Friday, January 18, 2013

Is Stephen Harper's government fiscally conservative?

Writing for the QMI Agency (and published in the Toronto Sun) Michel Kelly-Gagnon asks this question. He grades the government's actions with a "pass" or "fail." Although I mostly agree with his fails, I disagree with his passes for these are not "good economic policies from a free-market perspective." Observe:

Pass: Gradually raising the qualifying age for pensions from 65 to 67. In 1966, Canadian men who had reached the age of 65 could expect to live another 14 years. Today, it's 18 years. For women, it's 17 and 21 years. We are also healthier and doing work that is less physically demanding. It's only normal that we work a little longer before we start receiving pension cheques.
There is nothing free-market about a pension scheme that a) requires a monopoly forcing money from people and b) requires participation, whether you consent to it or not.

Fail: Spend, spend, spend. Program spending was $175 billion during the last year of the Liberal reign. This year, it's about $250 billion. This government keeps spending more, and is even getting ready for another stimulus plan should the economy tank again. Also, the number of federal employees has reached a new high and their compensation has outpaced private employees. No wonder Jim Flaherty seems incapable of quickly getting back to a balanced budget.

I don't think Flaherty would be capable of balancing any budget, as his Ontario record indicates. Regardless, I agree with this "fail" grade. Every government spends more than the last one. Even "conservative" Alberta has a spending problem.
Pass: Abolishing the Canadian Wheat Board's monopoly. About 80 agricultural marketing boards hold a monopoly on the marketing of specific products and, in some cases, restrict production through supply management. This raises the price of agricultural products, to the detriment of consumers. More fundamentally, is it morally acceptable to force producers to sell to only one officially recognized buyer? Ottawa should abolish all other marketing monopolies.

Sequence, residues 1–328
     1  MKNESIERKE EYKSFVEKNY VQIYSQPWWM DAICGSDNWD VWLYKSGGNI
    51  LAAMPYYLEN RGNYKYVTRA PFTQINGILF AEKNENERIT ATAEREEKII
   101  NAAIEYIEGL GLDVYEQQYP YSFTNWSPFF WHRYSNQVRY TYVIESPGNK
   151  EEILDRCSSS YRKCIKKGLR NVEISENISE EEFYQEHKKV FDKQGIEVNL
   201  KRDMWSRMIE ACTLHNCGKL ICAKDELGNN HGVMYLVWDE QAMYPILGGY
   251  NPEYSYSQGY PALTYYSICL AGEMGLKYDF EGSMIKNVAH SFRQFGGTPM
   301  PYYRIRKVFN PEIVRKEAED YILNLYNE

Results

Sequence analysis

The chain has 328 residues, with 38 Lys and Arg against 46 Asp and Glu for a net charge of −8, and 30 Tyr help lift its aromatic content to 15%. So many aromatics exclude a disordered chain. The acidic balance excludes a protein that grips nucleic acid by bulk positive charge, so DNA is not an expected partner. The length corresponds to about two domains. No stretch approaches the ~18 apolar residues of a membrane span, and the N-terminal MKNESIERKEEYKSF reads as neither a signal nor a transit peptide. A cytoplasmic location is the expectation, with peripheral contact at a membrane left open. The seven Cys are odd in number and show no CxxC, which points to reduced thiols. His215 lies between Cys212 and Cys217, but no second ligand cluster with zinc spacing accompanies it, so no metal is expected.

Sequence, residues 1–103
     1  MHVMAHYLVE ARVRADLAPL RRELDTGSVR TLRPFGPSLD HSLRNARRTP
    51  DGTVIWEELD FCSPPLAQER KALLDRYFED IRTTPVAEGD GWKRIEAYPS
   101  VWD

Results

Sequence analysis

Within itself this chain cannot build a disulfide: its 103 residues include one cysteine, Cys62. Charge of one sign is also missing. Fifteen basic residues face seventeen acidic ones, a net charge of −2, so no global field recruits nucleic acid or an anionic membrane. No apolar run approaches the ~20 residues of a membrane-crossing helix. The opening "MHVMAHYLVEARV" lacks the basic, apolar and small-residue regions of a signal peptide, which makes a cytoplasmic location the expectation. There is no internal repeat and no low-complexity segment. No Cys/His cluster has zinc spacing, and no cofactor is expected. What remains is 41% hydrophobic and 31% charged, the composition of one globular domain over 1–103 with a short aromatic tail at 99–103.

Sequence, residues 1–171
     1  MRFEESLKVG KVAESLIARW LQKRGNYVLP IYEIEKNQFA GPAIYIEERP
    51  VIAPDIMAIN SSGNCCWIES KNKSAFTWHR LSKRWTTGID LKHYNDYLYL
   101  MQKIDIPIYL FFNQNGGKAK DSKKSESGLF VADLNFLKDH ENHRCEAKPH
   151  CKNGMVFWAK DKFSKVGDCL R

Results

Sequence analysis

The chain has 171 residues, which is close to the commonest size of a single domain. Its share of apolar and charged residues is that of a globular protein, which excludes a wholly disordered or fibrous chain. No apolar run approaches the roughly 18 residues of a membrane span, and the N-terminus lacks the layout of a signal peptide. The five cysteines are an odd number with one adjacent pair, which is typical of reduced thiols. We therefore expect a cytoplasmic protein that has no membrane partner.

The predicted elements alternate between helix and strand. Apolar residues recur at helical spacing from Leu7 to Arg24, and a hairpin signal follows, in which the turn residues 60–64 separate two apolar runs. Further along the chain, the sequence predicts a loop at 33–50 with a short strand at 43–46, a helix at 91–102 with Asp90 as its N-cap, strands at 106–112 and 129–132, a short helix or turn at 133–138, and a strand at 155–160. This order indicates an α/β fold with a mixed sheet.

Is it morally acceptable to force individuals to pay for one officially recognized governance agency? Ottawa should abolish itself.

Fail: Not clarifying foreign investment rules. Although it finally gave its OK to the purchase of two Canadian oil and gas producers by state-owned enterprises from China and Malaysia, the government said it was unlikely to approve such deals in the future. It's inconsistent. Shouldn't shareholders be the ones who decide who they want to sell their shares to?

Shareholders should decide that. There should also be no corporate welfare. Something Harper evidently doesn't agree with.
Pass: Adopting C-377. With the Rand formula, unions have what amounts to a power to tax their members. In a democracy, transparency is the natural counterpoint of compulsory financing. This new law will impose new public reporting requirements, including annual financial statements, salaries paid to top union officials, expenditures over $5,000, and the amount of time spent on political activities.
Fail. The Rand formula assumes that without unions workers would be exploited by their capitalist overlords. The Rand formula makes union payment mandatory and prevents employees from opting out. Let's not beat around the bush, shall we Michel? Unions are owned by the mob.

1 comment:

  1. HAHA it's so true that this guy can't follow his own line of reasoning. If the Canadian Wheat Board Monopoly is immoral, aren't all monopolies immoral??? Including the State?